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How far does one need to go to make a point?
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How far does one need to go to make a point?

Young Swedish activist Greta Thunberg crossed the Atlantic on a zero-emissions sailboat to attend the UN Climate Summit and then begin a tour around the Americas before attending the UNFCCC COP25 meeting in Chile.

She and a sailing crew encountered rough seas on the way to New York in hurricane season. Anyone who is willing to put themselves through such conditions for what they believe in is to be admired for their principled approach.

Greta obviously appreciates the importance of gatherings such as the United Nations for bringing together people in common cause. The ability to meet face-to-face, to look another human in the eyes, and learn from one another is unable to be matched through screens and conference calls, as practical and useful as they are. There is nothing that replaces travel to help people connect.

Despite the yacht, the crossing was anything but luxurious voyage: cramped conditions and significant swells that tested even the hardiest of sailors. However, her choice to travel this way does bring with it a luxury most of us do not possess: time.

Aside from the two weeks to get to New York, there was also the travel from her home in Sweden to the UK, the long journey from New York to Santiago and then presumably travel back to Stockholm somehow. All-told at least three months of travel which may be possible when you are a 16-year old taking a year off school. But most of us do not have the luxury to take so long to travel to meetings or see friends or family. We have jobs, we have responsibilities, we have kids to take to soccer and grandparents that need to be taken care of.

Air travel has helped change the way we see and experience the world. Families now live all over the globe and are connected by rapid and affordable flight. The voyage across the Atlantic that was common a century ago has been replaced with a swift, safe, and reliable air service. The same human drive that helped create aviation also brought with it other innovations: improved healthcare, more affordable food, computers, and easily accessible transport. Lives today are incredibly different and richer than they were before we had access to these services and opportunities. But it is now clear we need to change these systems to provide the same quality of life but without the negative planetary implications.

The air transport industry has been working to make air travel much more sustainable for decades now. A passenger’s flight taken today produces half the CO2 that the same flight would have in 1990. The latest generation of aircraft have CO2 emissions per passenger-kilometer that rival that of compact and even hybrid cars. And our colleagues across the sector are working hard to do even better in the future.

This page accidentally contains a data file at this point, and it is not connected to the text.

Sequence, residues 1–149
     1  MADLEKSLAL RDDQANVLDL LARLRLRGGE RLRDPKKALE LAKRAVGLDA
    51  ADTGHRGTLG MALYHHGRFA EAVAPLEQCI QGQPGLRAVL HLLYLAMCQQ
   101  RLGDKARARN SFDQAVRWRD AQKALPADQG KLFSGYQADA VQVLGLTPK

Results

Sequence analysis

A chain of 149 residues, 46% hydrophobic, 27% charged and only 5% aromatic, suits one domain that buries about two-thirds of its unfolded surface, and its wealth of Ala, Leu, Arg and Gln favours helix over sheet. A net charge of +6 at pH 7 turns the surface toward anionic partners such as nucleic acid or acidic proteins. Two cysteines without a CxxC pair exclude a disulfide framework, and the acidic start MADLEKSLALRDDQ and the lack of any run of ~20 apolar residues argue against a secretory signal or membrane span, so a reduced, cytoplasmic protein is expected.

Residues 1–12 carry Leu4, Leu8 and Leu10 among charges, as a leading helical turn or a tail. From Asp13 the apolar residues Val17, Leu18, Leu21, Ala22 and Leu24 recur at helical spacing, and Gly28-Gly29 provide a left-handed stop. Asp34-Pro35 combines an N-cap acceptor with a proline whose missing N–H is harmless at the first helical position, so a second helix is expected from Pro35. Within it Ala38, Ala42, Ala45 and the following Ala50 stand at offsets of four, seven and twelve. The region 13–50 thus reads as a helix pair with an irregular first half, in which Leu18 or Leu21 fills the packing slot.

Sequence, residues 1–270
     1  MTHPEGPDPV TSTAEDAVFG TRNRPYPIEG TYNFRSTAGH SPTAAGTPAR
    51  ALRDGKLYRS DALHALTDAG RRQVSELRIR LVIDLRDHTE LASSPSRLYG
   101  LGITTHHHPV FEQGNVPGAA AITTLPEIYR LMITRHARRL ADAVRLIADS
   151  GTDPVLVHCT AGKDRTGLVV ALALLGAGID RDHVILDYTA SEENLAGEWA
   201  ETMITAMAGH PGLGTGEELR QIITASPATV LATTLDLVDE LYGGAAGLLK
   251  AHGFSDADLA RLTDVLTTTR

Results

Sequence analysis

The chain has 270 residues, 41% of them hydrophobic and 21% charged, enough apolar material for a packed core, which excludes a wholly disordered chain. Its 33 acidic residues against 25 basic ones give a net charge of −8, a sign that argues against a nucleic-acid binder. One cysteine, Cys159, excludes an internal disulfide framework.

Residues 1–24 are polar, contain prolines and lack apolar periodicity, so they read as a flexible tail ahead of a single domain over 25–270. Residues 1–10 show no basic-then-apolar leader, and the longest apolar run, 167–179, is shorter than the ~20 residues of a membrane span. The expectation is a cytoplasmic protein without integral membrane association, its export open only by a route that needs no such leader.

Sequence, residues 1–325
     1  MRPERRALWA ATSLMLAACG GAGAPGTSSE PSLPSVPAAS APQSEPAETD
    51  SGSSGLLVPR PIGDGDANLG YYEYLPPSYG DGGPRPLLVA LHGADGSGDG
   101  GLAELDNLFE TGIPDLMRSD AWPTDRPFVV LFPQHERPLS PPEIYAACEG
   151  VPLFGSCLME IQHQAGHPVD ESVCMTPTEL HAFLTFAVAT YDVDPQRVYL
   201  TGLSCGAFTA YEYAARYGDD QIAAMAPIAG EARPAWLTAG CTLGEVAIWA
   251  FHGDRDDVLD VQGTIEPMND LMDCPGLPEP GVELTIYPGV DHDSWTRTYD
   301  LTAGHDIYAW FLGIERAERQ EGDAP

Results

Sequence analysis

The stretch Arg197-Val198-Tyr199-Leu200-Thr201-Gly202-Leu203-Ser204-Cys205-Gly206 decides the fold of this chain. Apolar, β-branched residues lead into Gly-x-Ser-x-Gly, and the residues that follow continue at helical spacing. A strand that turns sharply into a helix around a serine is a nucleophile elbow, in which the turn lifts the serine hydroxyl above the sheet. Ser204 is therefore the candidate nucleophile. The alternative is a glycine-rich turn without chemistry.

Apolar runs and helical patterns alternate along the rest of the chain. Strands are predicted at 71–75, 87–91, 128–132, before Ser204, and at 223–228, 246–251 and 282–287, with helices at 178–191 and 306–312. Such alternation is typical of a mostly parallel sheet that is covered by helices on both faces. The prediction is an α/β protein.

Despite the growth in connectivity, we aim to halve our net CO2 emissions by 2050 through an energy transition away from fossil fuels and a dogged determination to roll-out cutting-edge and ever-increasing efficiency through new technology and more innovative ways to fly our aircraft. We want to ensure people can fly in the future, but to do so as sustainably as possible.

This process cannot happen overnight. An energy transition takes time, as does the deployment of new technology.
And we need to be careful to make choices that are well-informed. Every activity we undertake has some kind of footprint. European politicians and activists will suggest a ban of all short-haul flying and replacing it with rail travel, but few (if any) have done the analysis on how much concrete, steel, renewable energy, land, and government funding it will take to build so much rail infrastructure. Just ask the UK Government how the High Speed 2 rail project is going. Even emailing and watching YouTube produces CO2 emissions: actually, more CO2 is generated by the servers and cables of the internet than global aviation.

This is not to suggest we stop traveling and stop emailing. We should not. Human connection and learning from other cultures are too important for us all to give up. There is already too much intolerance in the world for us to retreat into nationalistic bubbles. But we do need to work to make future of flight even more sustainable, and I am convinced we have the right minds and the right determination to do it. In the meantime, passengers can choose to offset their flights by supporting low-carbon action worldwide, and airlines are already starting to use sustainable aviation fuels which cut CO2 emissions by up to 80% — including out of Stockholm Airport.

Greta has said that she does not yet know how she will return to Europe. Last week she took part in the UN summit on September 23rd, then she continued to Canada and then Mexico, and in December, she’ll make her way to Chile for the UN climate conference and visit neighboring South American countries.

We genuinely wish Greta all the best. The adventure of travel should be experienced by all of us!

Michael Gill is Executive Director of the Air Transport Action Group

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